all T tests low, rapid weight gain, lack of support

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long history but this.  went to reknowned facility for broken hip at age 59; in mth rapid weight loss of 28 pounds.  ortho at this facility referred me to endo.  endo found hypercalcemia.  admitted to hospital.  found Graves disease-early Dec 2017.  return to PCP, won't treat me because of being admitted to Mayo.  so endo now 4 hrs away.  was hyperthyroid with Graves.  Prescribed Tapazole (Methimazole) 40, could only take 30 due to vomiting.  Propanolol 40, made BP and pulse too low.  now on Tapazole 20 and Propanolol 20 for past mth.  OB/GYN ran blood work:  TSH, T3, T4 all well below normal.  tired.  irritable. crying often  OB says now hypothyroid and being overtreated.  waiting for endo. response who is angry OB ran tests.  no one has said anything about Carnitine, which I will check out.  what do these test results mean   T3 and T4 were normal 4 weeks ago after 6 weeks on tapazole.  still unsure whether to have surgery or RAI.  Endo wanted thyroid stable first.  Thank you for your time.

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  • Posted

    yikes, I forgot to add that I have gained 11 pounds in 4 days.  my alkaline phosphatase is greatly elevated which I read is common with Graves; with no other liver tests abnormal
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    • Posted

      Hi, while being hyperthyroid I was prescribed propranolol. It lowered my heart rate too much and I started to retain water. 11 pounds in a few days is a lot. Are your lower legs swollen?
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    • Posted

      Yes. Started 3 days ago.  Only on 20 propanol.  Heart rate in 70’s. BP systolic slightly elevated sometimes at night.   
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    • Posted

      To reduce the swelling, I tried to keep my legs elevated as much time as possible. For me, the swelling was worse during the evening hours. You could try to form a 'ring' by touching both index fingers and both thumbs. While keeping your leg slightly elevated move the 'ring' tightly along your lower leg starting from the toes. This kind of massage feels good as it relieves some of the pressure. It's easier if someone else does it for you. 

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    • Posted

      you are awesome!  thank you   my right ankle, foot and leg are the worst.  I am recuperating from a fractured hip due to the osteoporosis due to the undiagnosed hyperthyroidism.  yikes!!!!
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  • Posted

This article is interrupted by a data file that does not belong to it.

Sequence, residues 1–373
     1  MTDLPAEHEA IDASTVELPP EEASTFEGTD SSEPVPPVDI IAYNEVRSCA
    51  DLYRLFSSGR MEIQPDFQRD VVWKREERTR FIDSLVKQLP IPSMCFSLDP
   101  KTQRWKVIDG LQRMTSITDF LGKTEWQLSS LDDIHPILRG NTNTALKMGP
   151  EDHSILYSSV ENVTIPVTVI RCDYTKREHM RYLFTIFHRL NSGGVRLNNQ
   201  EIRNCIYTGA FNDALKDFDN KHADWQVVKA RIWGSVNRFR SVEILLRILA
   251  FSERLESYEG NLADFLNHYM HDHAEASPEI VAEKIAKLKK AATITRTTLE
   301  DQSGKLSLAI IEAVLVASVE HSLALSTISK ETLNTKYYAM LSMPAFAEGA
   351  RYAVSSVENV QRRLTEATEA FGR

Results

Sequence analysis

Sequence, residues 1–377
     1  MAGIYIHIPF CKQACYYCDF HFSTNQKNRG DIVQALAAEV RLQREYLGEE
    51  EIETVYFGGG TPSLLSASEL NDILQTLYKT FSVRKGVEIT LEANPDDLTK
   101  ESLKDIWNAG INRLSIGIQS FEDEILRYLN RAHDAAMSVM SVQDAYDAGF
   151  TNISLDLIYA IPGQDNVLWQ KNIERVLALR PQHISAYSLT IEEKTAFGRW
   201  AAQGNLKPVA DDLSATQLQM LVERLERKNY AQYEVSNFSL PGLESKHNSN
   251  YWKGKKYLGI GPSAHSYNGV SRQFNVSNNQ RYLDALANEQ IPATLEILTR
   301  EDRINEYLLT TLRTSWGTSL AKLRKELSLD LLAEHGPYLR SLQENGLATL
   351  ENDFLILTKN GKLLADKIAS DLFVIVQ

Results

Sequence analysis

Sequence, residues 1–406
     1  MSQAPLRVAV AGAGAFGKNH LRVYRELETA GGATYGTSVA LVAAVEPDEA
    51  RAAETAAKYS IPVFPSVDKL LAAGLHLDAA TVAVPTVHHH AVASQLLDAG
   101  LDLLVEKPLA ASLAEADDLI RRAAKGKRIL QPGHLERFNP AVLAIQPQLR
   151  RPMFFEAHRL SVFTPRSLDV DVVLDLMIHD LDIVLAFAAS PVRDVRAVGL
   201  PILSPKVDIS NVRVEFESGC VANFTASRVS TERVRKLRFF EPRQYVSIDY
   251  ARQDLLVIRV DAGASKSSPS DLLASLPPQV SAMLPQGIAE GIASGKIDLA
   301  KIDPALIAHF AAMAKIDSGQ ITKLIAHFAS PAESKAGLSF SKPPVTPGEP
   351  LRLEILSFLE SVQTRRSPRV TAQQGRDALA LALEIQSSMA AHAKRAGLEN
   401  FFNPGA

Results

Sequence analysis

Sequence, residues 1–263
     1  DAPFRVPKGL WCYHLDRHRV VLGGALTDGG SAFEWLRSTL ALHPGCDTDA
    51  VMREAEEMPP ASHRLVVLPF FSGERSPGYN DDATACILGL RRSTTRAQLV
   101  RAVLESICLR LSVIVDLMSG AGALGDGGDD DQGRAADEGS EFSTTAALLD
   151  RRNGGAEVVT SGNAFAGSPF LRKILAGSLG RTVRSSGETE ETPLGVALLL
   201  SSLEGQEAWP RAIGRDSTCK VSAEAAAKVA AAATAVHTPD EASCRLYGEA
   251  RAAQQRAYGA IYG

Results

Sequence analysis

For myself, when I was diagnosed with Graves, I was determined I was not going to have my thyroid destroyed even though Endos recommended RAI or surgery.  That's just the way I feel about my body.  I have refused hysterectomies for the same reason and survived quite well keeping my uterus and I thought I could also keep my thyroid and I have.  The symptoms of hyperthyroidism are kind of overwhelming so I made it my choice to learn everything I could about my thyroid and this disease.  Here is what I learned for myself.  Emotional stress played a big part in my getting this disease, I believe.  I took the meds, Tapazole at 10 mg and as my values were not too high above normal, this dosage normalized my Free T3 and Free T4 but my TSH remained at 0 for 2 years.  I learned that hyperthyroid patients lose a lot of vitamins, minerals and amino acids from their bodies when running hyperthyroid and these have to be replaced to normalize all my values.  So I came across a research article on the use of Regular L-carnitine and hyperthyroid patients and I asked my boss who was a genetic metabolic specialist (and has used carnitine for some of the diseases he treats) about it and he said, "well it won't hurt you", so I took the suggested dosage and for the first time in two years, my TSH began to rise.  Then I added other supplements like vitamin D 1,000 IU per day (most hyperthyroid patients are deficient in vitamin D and this is a very important vitamin for good thyroid functioning).  I added other supplements as needed and my values  have normalized, my eyes have improved, although they did not bulge, they were often very dry and itchy.  I have maintained my levels with careful monitoring and making adjustments when necessary.  A lot of us on the Board have had this success but if you want it too it will require that you be willing to learn all about your disease and your lab test values and your body symptoms and take responsibility for how you treat it.  My Endo, like most doctors, knows nothing about supplements but when he saw the improvement in my results has worked in partnership with me by regular monitoring of my lab tests, taking responsibility for my meds dosage while I take responsibility for my supplements dosage.  If you are hypothyroid now, you will have to wean off your thyroid-blocking drug but if you want to get healthy, you need to do more.  I don't know why your Endo is angry that your OB did tests, but that's his problem.  You are fortunate that your OB did those tests.  

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